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How the voting shook both parties

Clinton tapped into the growing political clout of the state's Latinos. Endorsements were important.

February 07, 2008|Cathleen Decker and Phil Willon | Times Staff Writers

In the end, Hillary Rodham Clinton's California campaign was carried to victory by voters like Maria Hernandez of Boyle Heights, who cast her first vote for Bill Clinton and returned Tuesday to do the same for his wife.

Clinton's victory -- a romp compared with some of the predictions just before election day -- rested on the twin pillars of women and Latinos, groups that overlapped in the person of voters like Hernandez.

The campaign put up a fierce fight for women who vote by mail, calling and re-calling until they turned in their ballots. And then Clinton's aides aimed their organizational firepower at the Latino community.

The efforts paid off. Women backed Clinton 59% to 36%, contributing to a giant gender gap compared with men, who sided narrowly with Barack Obama, according to an exit poll by a consortium of news organizations.

Latinos went for Clinton by a 2-1 margin. What made that margin even more significant was that Latinos made up a record proportion of the electorate. Three in 10 of those who voted in the Democratic primary were Latino, the exit poll said, almost double the proportion in 2004.

Latino political strength has grown substantially over the last several elections in California, pushed along by the growing Latino population. In 2000, only 7% of the primary electorate was Latino, according to a Times exit poll.

The increased power can also be seen in the number of Latino elected officials in the state, many of whom endorsed Clinton and provided her with an influential base of support.

Clinton -- who had difficulty among California's non-Latino white voters, splitting them with Obama -- was hoping to press her advantage among women and Latinos in future states. Of the major states with primaries still to come, however, none but Texas, which votes March 4, has a particularly large number of Latino voters.

For Clinton, the California victory marked a reassertion of the power of a traditional campaign, after weeks in which the insurgent, if well-funded, Obama effort steadily cut into her advantage in pre-election polls.

Clinton started with an advantage among three important overlapping sectors of the Democratic Party in California: women, Latinos and voters with lower incomes. She has run well among those groups in other states, and the campaign's goal was to keep the streak going.

One target was mail-in voters, who tend to be more white, more female and more Northern Californian by residence than voters overall. Women in particular were targeted with mailers, beginning in November. Campaign officials mined data at each registrar's office to determine who had voted and who had not.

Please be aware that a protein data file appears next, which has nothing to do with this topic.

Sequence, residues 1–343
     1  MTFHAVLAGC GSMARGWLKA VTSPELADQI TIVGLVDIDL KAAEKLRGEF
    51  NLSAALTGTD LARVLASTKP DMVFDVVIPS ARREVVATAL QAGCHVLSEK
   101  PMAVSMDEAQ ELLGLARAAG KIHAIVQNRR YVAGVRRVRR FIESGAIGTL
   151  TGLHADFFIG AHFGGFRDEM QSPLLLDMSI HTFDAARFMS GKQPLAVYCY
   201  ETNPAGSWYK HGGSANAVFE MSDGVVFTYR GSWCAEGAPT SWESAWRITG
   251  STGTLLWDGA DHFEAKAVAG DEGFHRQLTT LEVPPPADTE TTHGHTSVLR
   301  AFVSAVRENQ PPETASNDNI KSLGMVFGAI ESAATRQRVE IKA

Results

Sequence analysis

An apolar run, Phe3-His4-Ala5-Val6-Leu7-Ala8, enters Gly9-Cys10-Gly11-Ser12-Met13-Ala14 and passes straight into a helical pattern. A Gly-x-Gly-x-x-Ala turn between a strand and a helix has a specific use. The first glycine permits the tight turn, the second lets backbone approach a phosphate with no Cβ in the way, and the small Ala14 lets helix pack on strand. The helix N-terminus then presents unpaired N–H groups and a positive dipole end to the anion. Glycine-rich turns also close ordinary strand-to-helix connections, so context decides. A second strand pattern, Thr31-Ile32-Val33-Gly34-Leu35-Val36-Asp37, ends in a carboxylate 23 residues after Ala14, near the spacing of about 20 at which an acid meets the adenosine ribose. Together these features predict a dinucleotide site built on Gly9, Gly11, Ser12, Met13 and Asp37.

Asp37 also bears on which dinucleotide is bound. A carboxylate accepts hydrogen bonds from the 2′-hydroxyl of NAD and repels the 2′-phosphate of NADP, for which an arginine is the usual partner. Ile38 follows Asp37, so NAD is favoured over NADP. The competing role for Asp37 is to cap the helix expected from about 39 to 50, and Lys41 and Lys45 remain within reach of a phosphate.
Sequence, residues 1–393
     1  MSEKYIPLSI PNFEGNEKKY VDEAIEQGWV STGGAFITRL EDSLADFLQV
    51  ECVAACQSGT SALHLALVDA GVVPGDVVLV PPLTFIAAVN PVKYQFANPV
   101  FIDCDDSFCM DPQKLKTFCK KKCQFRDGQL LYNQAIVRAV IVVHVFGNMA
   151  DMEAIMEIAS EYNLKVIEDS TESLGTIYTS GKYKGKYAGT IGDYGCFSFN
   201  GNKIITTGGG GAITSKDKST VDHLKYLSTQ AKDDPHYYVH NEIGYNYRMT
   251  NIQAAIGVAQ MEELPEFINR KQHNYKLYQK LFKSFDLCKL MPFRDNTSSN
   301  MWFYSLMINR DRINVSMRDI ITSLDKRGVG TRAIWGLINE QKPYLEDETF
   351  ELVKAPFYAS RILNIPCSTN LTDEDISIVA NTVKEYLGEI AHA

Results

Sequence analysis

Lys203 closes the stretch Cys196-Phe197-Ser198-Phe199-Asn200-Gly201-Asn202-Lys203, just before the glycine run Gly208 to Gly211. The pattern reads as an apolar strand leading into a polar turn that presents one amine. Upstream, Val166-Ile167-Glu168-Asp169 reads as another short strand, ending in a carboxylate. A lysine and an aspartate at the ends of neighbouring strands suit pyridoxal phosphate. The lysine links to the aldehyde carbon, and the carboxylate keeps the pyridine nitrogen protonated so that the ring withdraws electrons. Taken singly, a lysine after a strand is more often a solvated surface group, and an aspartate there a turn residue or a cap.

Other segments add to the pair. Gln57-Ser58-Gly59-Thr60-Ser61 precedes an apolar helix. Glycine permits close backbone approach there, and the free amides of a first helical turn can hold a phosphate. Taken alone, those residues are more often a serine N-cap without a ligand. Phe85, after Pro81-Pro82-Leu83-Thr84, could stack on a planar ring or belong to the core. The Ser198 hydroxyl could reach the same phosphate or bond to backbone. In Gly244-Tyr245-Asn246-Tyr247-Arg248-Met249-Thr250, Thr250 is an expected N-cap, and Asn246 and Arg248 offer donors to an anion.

Making more than 1 1/2 million phone calls, "we literally vote-by-vote rounded up" those voters, said Ace Smith, Clinton's campaign director in California.

While that effort was targeting mail-in voters, another was pressing Latinos, who had backed former President Clinton during his administration, to side with his wife. If gender helped Hillary Clinton among the women mail-in voters, tradition helped her with Latino voters.

Clinton's early endorsements included United Farm Workers icon Dolores Huerta, Los Angeles Mayor Antonio Villaraigosa and Assembly Speaker Fabian Nunez. In the closing days of the campaign, Los Angeles County supervisor Gloria Molina endorsed her. She also had in her corner a number of popular Latina members of Congress.

Among most voters, endorsements carry little weight. But the Latino endorsements deepened Clinton's volunteer ranks and offered her the borrowed credibility of people who had cachet where it counted.

"There is still a lot of trust and reverence for that community that does not exist in other communities anymore," Smith said. And, since many of the Latino members of Congress and the Legislature are women, "being a woman of stature is a huge positive," he said.

Clinton's emphasis on healthcare and the economy also helped, allowing her to trade on the prosperity that many Latinos enjoyed during her husband's administration.

The Obama campaign, by contrast, aired Spanish-language radio ads promoting his support for issuing driver's licenses to illegal immigrants. That was a "classic Northeastern assumption" that licenses were the primary concern of Latinos, according to Harry Pachon, president of the Tomas Rivera Policy Institute at USC.

"It's not. I think he would have had much more traction on issues like education, or the loss of jobs . . . issues that resonate with Latino homeowners," Pachon said.

Obama had some influential Latino supporters, particularly Maria Elena Durazo, head of the 800,000-member Los Angeles County Federation of Labor. She said the Clinton name still carries heft with Latinos because of the relative prosperity of the 1990s.

"There's no doubt we made tremendous progress in the Latino community, but there was no way we could close the gap. It was just too deep," Durazo said.

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